Folders and Sub-Folders. Making a folder is easy, and so is dumping documents and other materials into that folder. But if you have a really vague folder, like “Photos,” it can still be maddening to try to find anything in there. That’s where sub-folders come in handy. On my personal computer, for instance, I have a vague folder called “Bates.” Can you imagine what a mess it would be if I just put everything from my years at Bates into that folder and called it a day? Instead, when you open that folder, you see 2008, 2009, 2010, 2011, 2012, and Thesis (anyone who went to Bates knows that Thesis deserves its own folder).

Your folders and sub-folders are up to you: how your brain works and what type of material you are working with.You can even have a folder named “Voltron 5000” that has your child’s school pictures, as long as you’re easily able to find what you need.

File Names. Another tip for file organization is appropriately naming your documents and files. When it comes to finding a file, it doesn’t help if you have several “untitled” documents or downloads that are a 15-character series of random letters and numbers. It’s just as important to be thoughtful about how you’re naming files as how you’re storing them, from an organizational standpoint.  https://www.howtogeek.com/howto/15677/zen-and-the-art-of-file-and-folder-organization/

Clean Out Downloads Folder. If you’re cranking out work and are in the zone, chances are you’re probably saving things where it’s easiest (Desktop and/or Downloads). My recommendation, before your desktop is suddenly drowning in files, is to schedule a time at least once a week to organize these files. Move them out of Downloads to a permanent location (and no, your desktop doesn’t count). This could be a matter of putting it in the appropriate folder or moving it to the trash.

Share the System. If you’re working in a system like Dropbox and have multiple people with their hands in the pot, adding and updating files, it’s important to make sure everyone is on the same page with the system, otherwise things will get messy. Have one or two people decide on “The System” (if you try to get everyone involved there can be a lot of back and forth) with other people giving feedback will ensure you’re thinking of organization in a complete way.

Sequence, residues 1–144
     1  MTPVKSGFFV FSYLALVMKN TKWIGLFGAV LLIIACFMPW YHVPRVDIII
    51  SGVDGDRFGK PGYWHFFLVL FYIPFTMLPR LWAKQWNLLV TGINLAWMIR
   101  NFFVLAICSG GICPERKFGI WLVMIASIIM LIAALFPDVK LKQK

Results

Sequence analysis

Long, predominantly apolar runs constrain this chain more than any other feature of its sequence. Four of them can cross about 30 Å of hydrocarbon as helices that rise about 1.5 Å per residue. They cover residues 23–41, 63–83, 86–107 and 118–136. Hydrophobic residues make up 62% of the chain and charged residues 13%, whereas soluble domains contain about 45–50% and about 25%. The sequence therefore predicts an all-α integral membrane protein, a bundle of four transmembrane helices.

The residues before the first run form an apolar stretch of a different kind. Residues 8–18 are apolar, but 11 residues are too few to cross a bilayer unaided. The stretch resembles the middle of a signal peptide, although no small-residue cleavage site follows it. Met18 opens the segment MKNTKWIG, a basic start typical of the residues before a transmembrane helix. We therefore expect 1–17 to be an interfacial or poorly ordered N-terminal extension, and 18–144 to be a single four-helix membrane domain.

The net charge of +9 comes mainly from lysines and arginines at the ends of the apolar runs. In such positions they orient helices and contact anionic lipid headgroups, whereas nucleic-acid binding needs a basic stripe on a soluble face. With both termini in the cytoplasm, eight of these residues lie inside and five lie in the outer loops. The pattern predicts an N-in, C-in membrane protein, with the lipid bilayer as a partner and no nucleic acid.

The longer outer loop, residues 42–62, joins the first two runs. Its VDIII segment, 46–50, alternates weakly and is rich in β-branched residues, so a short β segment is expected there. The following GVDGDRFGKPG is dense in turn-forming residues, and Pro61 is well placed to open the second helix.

Once the system is decided, post places where it is easy to see: the company’s Google Drive, a private employee-only part of the website, etc. so people can easily refer to it.

Additional Resources:

Dropbox Tips for Organizing Files 

Google Drive Tips on Organizing Files

4 Things You Can Do to Create a Perfectly Organized Google Drive

Zen and the Art of File and Folder Organization

If you’re anything like us, your computer is like your toolbox for getting things done. Cleaning it out will reward you in increased productivity, decreased headaches, and (ideally) a faster running computer.

Taking Note: Organizing and Using Your Ideas

 Legal pad with pen on wood background

If you struggle with the ‘why’ of notetaking, I get it.

Don’t we all have enough to do? Won’t we remember something if it’s really that important?

Deep down, we know the answer to these questions… otherwise there wouldn’t be new tools coming out every day to help us with these seemingly simple concepts.

Sometimes things like notetaking, project management, and other ‘get informed’ or ‘get other people informed’ ideas seem like a time sink but trust me, it is worth taking some extra steps. (And if you’re still asking ‘What’s my motivation?’, this blog post is a good place to start.)

Step 1: Use a consistent capture method, consistently.

Kassie talked about several ways to digitally capture ideas in a blog post earlier this month but the tool is secondary to what you need to do with it, which is consistently capture information.

Like me, you may feel overwhelmed at thinking about using Evernote versus Google Docs but the point is to just pick something and start using it. If it is the completely wrong thing, you can switch to something else, I promise!

Use the same tool, the same way, every time. Or else suddenly, when you realize you need that link, you won’t be able to remember if you saved it on Facebook, tweeted it, got it in an email, or any of the 10,000 other ways you may have thought to save a link. (Not that I’ve ever done THAT, of course.) I try to think not what’s easiest for Present Day Nicole but what will be easier for Future Nicole? Same tool every time. Your future self thanks you.

Now I thought I could get away with using my notebook for everything but, let’s face it, you don’t want to painstakingly write out snippets from articles. So if you are old school like me, have your old school way and your electronic way. Trust me, two ways is enough ways.